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UA Law Affiliates Launch Multi-State Rescue Network
A team born out of the UA's College of Law founded Tough Love Pit Bull Rescue, an organization working to save dogs in Arizona, California, Nevada and Washington.
Many underfunded and over capacity animal control centers and shelters publish lists of animals – some abandoned, others turned over by previous owners.
The "red lists," as they are sometimes called, indicate which animals stand to be euthanized within 24 hours if they are not rescued or adopted.
That reality drove a group of University of Arizona James E. Rogers College of Law students and alumni to establish Tough Love Pit Bull Rescue, an expansive network of individuals who foster "death row" dogs.
"It's rewarding when a dog goes to a home, but it's also emotionally taxing seeing that list come out every night," said Tough Love co-director Kris Carlson, who earned his Juris Doctorate from the UA last year.
The Humane Society of the United States estimates that upwards of 6 million dogs and cats enter shelters across the nation annually, with about half being killed at shelters.
"There is an enormous problem. It will save lives if people started going to the pounds for pets," said Carlson, who also has two rescue pit bulls. "They are lives. They're not disposable, but unfortunately some people don't understand that."
Beyond the need of swift rescues exist larger problems: the overbreeding of animals and poor choices being made, said UA law alumna Gemma Zanowski, also a Tough Love co-director.
"You see these patterns of owner irresponsibility and a lot of folks not being accountable for the life they've chosen to support," Zanowski said. "My whole idea was to deal with the biggest issue I could deal with. As I learned what the biggest issues were, I adjusted the organization accordingly."
To rescue older dogs from shelters, Zanowski in 2008 founded Revamped Rovers. Finding that many of the dogs rescued were pit bulls, she later worked with Carlson and UA law alumna Susan Friedman, who lives in Los Angeles, to evolve the organization into Tough Love.
The three co-directors coordinate with a network of volunteers in Arizona, California, Nevada and Washington who take dogs – primarily pit bulls – to foster before finding them a permanent home.
This can take days, or months. And, in some cases, animals require immediate medical care, which can cost thousands of dollars, Carlson said, adding that the team also has utilized social networking sites to raise funds for those costs.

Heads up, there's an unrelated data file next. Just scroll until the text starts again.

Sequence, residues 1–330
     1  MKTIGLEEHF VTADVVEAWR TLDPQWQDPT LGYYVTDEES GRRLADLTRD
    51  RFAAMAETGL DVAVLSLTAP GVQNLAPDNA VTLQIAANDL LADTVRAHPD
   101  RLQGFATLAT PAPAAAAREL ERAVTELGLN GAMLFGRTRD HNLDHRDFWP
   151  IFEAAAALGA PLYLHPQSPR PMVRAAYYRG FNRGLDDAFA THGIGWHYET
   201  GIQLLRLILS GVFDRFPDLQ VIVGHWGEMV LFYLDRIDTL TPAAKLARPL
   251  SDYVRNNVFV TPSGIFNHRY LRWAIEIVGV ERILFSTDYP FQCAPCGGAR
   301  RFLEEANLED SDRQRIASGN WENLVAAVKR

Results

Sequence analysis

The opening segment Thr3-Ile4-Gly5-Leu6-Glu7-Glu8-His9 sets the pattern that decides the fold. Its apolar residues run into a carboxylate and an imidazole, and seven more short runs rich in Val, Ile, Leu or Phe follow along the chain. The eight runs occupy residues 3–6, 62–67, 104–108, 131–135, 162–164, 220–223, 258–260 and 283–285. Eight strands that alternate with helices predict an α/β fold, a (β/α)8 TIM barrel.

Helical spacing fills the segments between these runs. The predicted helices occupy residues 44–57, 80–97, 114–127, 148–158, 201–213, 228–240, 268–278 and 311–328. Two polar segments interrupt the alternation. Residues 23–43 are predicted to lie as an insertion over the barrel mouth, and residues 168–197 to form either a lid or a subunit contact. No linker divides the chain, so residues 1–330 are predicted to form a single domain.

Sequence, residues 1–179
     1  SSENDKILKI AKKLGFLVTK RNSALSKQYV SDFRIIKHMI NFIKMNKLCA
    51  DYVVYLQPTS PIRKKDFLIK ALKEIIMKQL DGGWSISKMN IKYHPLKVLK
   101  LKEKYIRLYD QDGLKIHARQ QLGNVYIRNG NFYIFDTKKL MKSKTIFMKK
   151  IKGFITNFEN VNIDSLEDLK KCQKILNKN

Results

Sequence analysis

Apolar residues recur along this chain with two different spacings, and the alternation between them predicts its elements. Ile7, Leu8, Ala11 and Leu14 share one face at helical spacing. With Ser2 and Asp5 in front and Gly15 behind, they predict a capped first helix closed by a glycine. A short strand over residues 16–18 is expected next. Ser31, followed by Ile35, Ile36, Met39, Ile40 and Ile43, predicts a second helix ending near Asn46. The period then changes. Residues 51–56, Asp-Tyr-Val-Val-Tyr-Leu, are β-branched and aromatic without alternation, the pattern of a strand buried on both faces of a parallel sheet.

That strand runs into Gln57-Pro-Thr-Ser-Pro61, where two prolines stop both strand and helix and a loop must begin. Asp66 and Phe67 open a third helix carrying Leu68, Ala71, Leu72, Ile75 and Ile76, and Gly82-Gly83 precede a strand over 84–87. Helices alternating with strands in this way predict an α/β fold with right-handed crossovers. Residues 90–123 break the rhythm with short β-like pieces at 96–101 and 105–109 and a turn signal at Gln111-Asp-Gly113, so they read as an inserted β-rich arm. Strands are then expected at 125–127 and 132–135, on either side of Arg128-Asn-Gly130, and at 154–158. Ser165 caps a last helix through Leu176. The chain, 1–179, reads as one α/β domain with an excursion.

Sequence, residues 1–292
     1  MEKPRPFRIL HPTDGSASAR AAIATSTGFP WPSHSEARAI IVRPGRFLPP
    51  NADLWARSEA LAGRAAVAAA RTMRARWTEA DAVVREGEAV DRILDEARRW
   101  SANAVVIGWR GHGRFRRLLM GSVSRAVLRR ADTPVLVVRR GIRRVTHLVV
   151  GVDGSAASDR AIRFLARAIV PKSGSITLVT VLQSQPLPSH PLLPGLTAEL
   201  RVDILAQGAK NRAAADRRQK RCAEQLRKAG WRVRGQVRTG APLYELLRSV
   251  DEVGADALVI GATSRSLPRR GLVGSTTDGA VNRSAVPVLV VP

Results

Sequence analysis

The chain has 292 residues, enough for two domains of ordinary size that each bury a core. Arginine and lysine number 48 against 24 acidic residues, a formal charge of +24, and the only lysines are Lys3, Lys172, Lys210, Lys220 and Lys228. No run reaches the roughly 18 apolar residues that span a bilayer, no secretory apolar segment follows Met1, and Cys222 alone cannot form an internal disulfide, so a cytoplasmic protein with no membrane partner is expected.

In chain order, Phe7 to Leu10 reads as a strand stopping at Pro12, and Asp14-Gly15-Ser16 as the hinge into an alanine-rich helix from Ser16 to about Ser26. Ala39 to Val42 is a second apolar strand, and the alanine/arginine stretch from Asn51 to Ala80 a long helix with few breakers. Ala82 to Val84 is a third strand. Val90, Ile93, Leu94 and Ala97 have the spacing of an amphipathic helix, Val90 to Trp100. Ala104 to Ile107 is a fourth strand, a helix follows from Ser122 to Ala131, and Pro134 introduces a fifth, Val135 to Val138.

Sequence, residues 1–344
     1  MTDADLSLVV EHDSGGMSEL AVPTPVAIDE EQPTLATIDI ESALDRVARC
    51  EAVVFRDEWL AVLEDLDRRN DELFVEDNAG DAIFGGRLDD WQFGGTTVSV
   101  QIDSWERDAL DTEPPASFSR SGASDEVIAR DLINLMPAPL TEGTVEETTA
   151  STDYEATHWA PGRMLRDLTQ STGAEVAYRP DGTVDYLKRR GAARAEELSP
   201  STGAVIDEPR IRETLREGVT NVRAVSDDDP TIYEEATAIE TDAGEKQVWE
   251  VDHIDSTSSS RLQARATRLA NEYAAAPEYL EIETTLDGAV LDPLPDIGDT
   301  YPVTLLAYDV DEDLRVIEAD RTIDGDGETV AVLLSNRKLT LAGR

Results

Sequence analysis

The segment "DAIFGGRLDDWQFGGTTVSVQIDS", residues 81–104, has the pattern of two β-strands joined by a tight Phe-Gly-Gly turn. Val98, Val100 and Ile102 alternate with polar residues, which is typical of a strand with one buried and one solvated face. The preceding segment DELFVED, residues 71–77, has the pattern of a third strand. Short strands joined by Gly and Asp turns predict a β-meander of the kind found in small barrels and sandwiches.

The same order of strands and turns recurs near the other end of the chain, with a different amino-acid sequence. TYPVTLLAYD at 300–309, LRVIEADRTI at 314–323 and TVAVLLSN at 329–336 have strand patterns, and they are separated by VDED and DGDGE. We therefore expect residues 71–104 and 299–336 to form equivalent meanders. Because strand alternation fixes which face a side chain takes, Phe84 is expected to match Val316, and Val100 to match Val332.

Since August, Tough Love has successfully rescued and placed 20 dogs, with several others currently awaiting homes.
On average, three to six dogs are in the program at any given time, Zanowski said.
The organization does not work with animals with a history of intentional, unprovoked bites to humans, though such cases are rare, Zanowski said, adding that most dogs also receive some basic training while being fostered."We accomplish what we accomplish because everyone on the team is of high quality and extremely hard working," said Zanowski, who earned her degree in 2010 and now lives in Seattle where she works on welfare and animal law cases.
In Tucson, volunteers include UA undergraduate Corrie McDonald, who is studying family studies and human development and graduate student Ashley Brown, who is studying law and business administration. Also, Carlson's mother, Judy Carlson, manages fundraising efforts to support the organization.
In addition to rescues and adoptions, the organization has other priorities, namely promoting increased public knowledge about pit bulls and advancing breed advocacy.
Volunteers also offer support to people who are considering giving away their pets and interface with other organizations on campaigns to inform the larger public about breeds and responsible ownership.
Zanowski, who has published articles and continues to conduct research on laws targeting specific breeds, said it is important for pet owners to properly socialize their animals.
It also is crucial to for owners to properly contain and restrain them, to integrate them into their families and lives and to also spay and neuter them, she added.
She and Carlson said another challenge is the pervasive misconception that pit bulls are inherently viscous, aggressive and prone to attack humans.
"I'm not saying you can assume that every pit bull will be friendly, but they are like people in that they are individuals," said Carlson said, who also heads up the UA law school's Veteran's Pilot Program. "The way you treat them will impact their behavior."
The team does have a long-term plan for the organization and its four-state network, namely in establishing a facility to enable more widespread work.
"We're just starting out in our legal careers and hoping we'll get to the point to buy a facility," Carlson said, adding that the team is trying to address the larger problem of over breeding of animals.
"The pounds have all of these great animals that are being put to death people don't know about them," Carlson said. "The work that we do is a small dent in a large problem, but if it makes any difference and spreads awareness and gets someone to think, then it's worth it because we've saved a life."